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Growing Colorful Bell Peppers

Bell peppers come in a wide assortment of colors, from green to red to orange. Find out what color can tell you about a pepper’s ripeness and nutritional value.

| April/May 2006

  • growing bell pepper, how to grow pepper, pepper plant, how to grow bell pepper
    The color change in ripening peppers is caused by the breakdown of chlorophyll, which coincides with the maturation of the seeds.

  • growing bell pepper, how to grow pepper, pepper plant, how to grow bell pepper

Did you know that all baby peppers start out green, then change color as they mature? In fact, when you’re growing bell peppers, some stay green until they mature to yellow or red, while others may turn white, lilac or purple before maturing to red, yellow or orange.

You can eat peppers at whatever stage you prefer, but fully ripe peppers taste better and are more nutritious. Sugars and other flavor compounds accumulate during the final stages of ripening, and vitamin C content often doubles. The color change in ripening peppers is caused by the breakdown of chlorophyll, which coincides with the maturation of the seeds.

For example, ‘Sweet Banana’ peppers are a pale, yellowish-green when the fruits are immature, then they slowly change to yellow, then orange and finally red.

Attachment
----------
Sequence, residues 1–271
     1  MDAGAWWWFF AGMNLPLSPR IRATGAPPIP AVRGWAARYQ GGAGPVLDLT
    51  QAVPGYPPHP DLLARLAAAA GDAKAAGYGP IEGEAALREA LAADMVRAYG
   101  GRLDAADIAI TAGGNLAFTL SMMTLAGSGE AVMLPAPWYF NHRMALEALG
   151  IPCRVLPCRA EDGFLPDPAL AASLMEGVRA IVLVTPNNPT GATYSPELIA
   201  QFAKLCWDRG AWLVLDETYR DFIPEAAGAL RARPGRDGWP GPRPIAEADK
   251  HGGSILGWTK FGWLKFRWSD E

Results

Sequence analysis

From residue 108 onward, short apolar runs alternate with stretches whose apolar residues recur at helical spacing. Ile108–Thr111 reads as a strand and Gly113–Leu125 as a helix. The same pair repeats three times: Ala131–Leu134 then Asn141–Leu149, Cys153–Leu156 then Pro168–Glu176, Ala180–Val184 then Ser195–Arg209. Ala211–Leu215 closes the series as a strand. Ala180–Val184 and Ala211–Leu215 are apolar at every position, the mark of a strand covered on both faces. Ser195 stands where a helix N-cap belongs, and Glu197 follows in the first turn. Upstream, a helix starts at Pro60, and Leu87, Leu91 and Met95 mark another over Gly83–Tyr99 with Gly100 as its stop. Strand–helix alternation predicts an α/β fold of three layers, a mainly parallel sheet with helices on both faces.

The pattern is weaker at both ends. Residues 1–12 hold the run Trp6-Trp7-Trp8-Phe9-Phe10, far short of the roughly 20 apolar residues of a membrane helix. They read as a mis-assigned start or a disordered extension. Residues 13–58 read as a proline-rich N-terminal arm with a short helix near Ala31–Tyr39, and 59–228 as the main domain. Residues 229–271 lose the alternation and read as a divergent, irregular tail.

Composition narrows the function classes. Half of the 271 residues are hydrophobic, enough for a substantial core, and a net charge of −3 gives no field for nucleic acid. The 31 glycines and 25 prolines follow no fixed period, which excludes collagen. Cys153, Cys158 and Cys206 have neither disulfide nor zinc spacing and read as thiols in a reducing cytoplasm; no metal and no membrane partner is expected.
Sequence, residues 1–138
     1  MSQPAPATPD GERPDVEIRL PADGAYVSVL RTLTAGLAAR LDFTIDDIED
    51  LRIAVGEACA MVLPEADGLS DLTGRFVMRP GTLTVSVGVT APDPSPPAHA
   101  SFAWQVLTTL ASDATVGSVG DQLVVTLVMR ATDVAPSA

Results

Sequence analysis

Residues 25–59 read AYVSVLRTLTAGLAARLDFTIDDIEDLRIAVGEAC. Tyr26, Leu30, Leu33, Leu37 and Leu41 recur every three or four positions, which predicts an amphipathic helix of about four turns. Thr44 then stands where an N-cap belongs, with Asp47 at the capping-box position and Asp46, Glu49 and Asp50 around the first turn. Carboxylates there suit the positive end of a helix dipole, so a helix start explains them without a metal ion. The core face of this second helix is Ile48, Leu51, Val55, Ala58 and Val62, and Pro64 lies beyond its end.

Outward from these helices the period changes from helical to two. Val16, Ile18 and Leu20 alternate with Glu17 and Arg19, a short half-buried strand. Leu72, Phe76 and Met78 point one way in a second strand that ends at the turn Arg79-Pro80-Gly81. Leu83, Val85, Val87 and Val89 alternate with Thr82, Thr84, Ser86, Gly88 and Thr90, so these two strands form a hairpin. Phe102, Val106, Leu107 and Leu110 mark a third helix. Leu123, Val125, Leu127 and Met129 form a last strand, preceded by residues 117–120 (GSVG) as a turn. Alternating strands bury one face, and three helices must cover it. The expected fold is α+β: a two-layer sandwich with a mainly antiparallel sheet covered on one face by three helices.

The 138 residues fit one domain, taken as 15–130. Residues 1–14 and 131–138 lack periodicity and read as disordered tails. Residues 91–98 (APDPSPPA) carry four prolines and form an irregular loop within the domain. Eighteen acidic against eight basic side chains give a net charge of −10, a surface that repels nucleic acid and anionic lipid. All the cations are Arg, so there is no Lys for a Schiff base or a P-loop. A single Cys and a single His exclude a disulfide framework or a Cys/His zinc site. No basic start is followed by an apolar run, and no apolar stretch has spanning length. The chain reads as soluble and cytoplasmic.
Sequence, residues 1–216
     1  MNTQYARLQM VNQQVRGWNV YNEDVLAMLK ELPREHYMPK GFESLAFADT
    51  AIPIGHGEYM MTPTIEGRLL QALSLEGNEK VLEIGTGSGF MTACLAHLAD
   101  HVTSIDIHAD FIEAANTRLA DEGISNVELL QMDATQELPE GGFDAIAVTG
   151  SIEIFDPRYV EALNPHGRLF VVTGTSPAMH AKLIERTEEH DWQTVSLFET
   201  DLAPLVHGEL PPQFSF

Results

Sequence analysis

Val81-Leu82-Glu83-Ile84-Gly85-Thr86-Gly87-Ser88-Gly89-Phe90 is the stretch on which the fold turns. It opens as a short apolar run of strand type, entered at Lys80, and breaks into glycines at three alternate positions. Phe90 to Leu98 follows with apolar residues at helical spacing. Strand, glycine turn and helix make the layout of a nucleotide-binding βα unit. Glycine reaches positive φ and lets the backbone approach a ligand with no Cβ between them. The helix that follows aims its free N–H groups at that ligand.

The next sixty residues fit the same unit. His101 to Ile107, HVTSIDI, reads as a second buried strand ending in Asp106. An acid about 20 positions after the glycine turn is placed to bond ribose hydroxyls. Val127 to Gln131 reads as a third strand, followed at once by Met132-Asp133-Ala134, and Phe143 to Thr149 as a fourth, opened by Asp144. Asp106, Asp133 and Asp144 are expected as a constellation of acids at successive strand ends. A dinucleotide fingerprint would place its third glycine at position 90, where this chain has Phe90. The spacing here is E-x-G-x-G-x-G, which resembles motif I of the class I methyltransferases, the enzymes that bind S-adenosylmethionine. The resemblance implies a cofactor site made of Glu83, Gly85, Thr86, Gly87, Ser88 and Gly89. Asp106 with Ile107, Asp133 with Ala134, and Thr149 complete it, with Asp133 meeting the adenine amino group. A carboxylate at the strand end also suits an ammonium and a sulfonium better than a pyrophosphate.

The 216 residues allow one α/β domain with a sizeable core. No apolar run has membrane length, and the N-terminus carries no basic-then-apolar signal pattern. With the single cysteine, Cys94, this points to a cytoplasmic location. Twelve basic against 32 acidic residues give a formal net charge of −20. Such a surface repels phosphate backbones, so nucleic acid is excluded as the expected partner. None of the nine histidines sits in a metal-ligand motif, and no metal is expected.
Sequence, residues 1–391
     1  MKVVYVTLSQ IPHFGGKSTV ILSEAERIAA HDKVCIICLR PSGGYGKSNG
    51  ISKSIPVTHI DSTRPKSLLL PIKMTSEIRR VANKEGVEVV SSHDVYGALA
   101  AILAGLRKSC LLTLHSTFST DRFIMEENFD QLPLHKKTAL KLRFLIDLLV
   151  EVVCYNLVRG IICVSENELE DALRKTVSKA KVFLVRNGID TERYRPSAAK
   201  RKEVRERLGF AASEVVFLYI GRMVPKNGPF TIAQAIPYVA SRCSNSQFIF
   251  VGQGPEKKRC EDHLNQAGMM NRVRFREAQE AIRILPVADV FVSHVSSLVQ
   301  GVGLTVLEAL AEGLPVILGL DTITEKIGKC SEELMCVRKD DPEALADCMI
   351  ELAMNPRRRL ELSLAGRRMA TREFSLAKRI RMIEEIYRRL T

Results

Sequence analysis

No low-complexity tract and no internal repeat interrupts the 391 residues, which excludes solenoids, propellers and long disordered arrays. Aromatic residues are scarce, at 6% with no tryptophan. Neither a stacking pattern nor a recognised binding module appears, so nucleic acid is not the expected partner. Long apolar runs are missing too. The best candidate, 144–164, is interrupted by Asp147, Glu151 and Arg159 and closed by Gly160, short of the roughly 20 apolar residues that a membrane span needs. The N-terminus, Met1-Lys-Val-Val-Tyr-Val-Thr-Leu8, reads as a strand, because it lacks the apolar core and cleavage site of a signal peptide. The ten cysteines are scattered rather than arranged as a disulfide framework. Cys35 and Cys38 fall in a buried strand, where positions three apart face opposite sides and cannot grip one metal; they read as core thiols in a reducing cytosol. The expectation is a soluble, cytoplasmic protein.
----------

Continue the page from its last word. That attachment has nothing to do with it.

For early yields of colorful sweet peppers, it’s best to choose varieties that waste no time changing to their fully ripe color and flavor. Varieties that mature to red far outnumber those that mature to orange or yellow. The best fast-ripening red peppers to grow are ‘Gypsy,’ ‘Lipstick’ and ‘Ace.’

At the end of the season, peppers picked when they have just begun to change colors will continue to ripen indoors when kept in a warm place. For more on how to grow peppers, see About Peppers.

Brenda Zachery
8/2/2010 4:58:56 PM

This year is the first time that I planted a small garden. I planted red peppers, banana peppers, and tomatoes on my deck in pots, and had great success with them all. I want to now plant okra, sweet onions, white potatoes and sweet potatoes. Can I plant these items in August or September?

Ronald Tweedy
6/11/2009 9:18:45 AM

I have been growing tomatoes for years but this is my first year to groe bell peppers. I'm seeing many of the flowers just dropping off and not fruiting. I do have some peppers but I'm losing many flowers. What am I doing wrong? Mother Earth, I was a loyal fan of yours in the 80's when I lived out in the Pacific Northwest. As a matter of fact your helped me grow potatoes. What fun! I'm now back in the flock and recommend you to everyone I know. Keep up the great work!

5/28/2009 9:50:41 AM

Green peppers are prolific in the summertime and grow with hardly any effort. I started mine from seed in Feb., planted them in May, and my ducks ate ALL the plants. Have since fenced the garden and had to buy the plants, drats!

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